In July 2022 I attended the National Police LGBT+ Network conference in Belfast, Ireland. This was my second ‘physical’ conference (thanks covid!), with the first being the adorably titled ‘Cwtch Con’, hosted by the Welsh network in the heart of my home city, Cardiff in 2019.
In 2019 I was a newly transitioning policewoman, having come out to my colleagues as trans less than two months previously and ending up being invited to the conference by pure chance when crossing paths with the Co-Chair of my local Network on a CBRN training day (which stands for Chemical, Biological, Radioactive and Nuclear, and involves donning apocalypse-resistant outfits whilst the trainers try to CS gas you to tears). I knew nobody, spent the day meeting people from all forces, specialisms and ranks and it was very wholesome. I walked away feeling inspired and empowered, though I didn’t really know what to do with it. The thing was I hadn’t truthfully had any interest in joining any LGBTQ+ networks or organisations. I’d begun my transition and as far as I was concerned, I only wanted to get quietly on with my life as the woman I knew myself to be, sure it’d take a while for the hormones and surgeries and the stuff I wanted but in those first couple of months everyone had been so supportive, why would I need a network? Other women I worked with got along fine without, right?
This, it turned out, was a very premature, incorrect and blinkered conclusion, as I realised in the months that followed when the problems that I hadn’t encountered early on started to present themselves where I least suspected it. Not knowing what to do, I found myself emailing the Co-Chair that had invited me to Cwtch Con and it was from that point that my understanding of what staff support networks are for and why they are needed changed radically. The words, the help, the response I received was compassionate, effective and above all crucial for me. It will likely shock some who know me to say that I had never been particularly outspoken up to that point. Every decision I made, every sentence I said would always be carefully crafted so as not to upset or offend anyone – even if that meant putting myself at the back of the line. It’s one of a few reasons why it took me so many years to transition – the thought of causing upset was so torturous to me, it stopped me being… well… me.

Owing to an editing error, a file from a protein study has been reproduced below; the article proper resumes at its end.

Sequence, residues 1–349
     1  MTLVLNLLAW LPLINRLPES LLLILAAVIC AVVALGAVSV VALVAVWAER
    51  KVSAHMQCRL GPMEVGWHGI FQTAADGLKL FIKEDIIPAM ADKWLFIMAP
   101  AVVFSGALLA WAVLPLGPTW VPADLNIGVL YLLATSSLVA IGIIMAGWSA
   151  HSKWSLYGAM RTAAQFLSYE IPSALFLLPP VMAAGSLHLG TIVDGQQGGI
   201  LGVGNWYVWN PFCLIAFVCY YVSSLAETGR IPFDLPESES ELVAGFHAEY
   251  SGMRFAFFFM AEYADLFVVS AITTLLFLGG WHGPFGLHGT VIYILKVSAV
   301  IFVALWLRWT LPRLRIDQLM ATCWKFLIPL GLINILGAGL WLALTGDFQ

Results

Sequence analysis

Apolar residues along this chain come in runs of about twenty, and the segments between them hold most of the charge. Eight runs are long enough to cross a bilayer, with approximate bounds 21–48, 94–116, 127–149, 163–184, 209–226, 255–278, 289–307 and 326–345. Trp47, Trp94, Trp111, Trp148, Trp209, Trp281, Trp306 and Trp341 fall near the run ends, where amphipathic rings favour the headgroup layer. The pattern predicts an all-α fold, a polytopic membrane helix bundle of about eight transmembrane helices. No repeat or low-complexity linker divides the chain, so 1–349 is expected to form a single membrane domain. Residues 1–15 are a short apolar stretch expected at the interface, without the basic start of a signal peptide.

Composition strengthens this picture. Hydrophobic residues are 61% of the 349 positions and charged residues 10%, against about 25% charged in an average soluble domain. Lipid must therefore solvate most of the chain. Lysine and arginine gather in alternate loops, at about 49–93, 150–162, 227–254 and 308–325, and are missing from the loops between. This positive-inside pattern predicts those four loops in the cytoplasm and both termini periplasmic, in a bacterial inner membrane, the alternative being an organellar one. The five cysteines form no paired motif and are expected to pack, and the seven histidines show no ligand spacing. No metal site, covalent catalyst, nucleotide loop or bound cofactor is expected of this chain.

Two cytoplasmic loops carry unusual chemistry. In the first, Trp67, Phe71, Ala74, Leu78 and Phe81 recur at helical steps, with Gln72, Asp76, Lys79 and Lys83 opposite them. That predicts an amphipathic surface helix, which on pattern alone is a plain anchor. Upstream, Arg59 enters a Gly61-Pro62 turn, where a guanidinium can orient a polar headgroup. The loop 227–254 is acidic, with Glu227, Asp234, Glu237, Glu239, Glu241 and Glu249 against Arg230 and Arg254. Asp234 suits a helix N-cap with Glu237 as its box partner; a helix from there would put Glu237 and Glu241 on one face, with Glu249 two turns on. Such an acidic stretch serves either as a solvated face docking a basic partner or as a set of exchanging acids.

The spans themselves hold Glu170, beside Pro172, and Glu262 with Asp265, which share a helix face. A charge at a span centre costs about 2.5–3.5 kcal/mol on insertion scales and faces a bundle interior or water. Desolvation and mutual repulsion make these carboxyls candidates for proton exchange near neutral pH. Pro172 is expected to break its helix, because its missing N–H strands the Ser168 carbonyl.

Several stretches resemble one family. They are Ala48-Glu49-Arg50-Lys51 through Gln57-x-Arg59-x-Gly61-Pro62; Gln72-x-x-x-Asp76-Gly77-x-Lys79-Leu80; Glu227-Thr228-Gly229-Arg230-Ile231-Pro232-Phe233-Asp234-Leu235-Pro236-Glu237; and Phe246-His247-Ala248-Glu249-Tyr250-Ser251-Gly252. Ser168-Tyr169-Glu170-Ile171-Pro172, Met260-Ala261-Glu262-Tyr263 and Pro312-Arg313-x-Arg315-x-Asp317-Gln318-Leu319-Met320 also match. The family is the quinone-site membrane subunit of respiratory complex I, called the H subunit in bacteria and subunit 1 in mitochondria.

Making the decision to come out to my colleagues on a warm June day was the start of me taking back control and realising that just because my feelings were personal to me did not make them unimportant – a lesson I encourage anyone who doesn’t know to learn. Of course, knowing it and practicing it are two very different things, but you’ll never do the latter without the former.
Fast forward to July 2022, and I am sat in a beautiful conference which has been impeccably arranged and hosted by PSNI. I’m sat at a table and surrounded by friends, people inside and outside of the police, people I’ve met at that event and other events stretching back over the past few years. Some I’d only previously met online and others I work with every week. And all of whom I have a tremendous love and respect for. In three years, I had gone from a quiet, unremarkable-other-than-the-trans-thing person to travelling the country (and Belgium, once) and giving talks to current and future police officers and staff at stations, headquarters and universities about my experiences. Experiences which also prompted me to amass a small but very personal social media following which has given me opportunity to interact with and meet people that 2019 me would have fainted at. It’s something that I’ve grown to really enjoy, and I know has helped others – which ultimately is the only reason I do any of what I do. And with only three years of doing it, I feel like I’ve got lots left to give.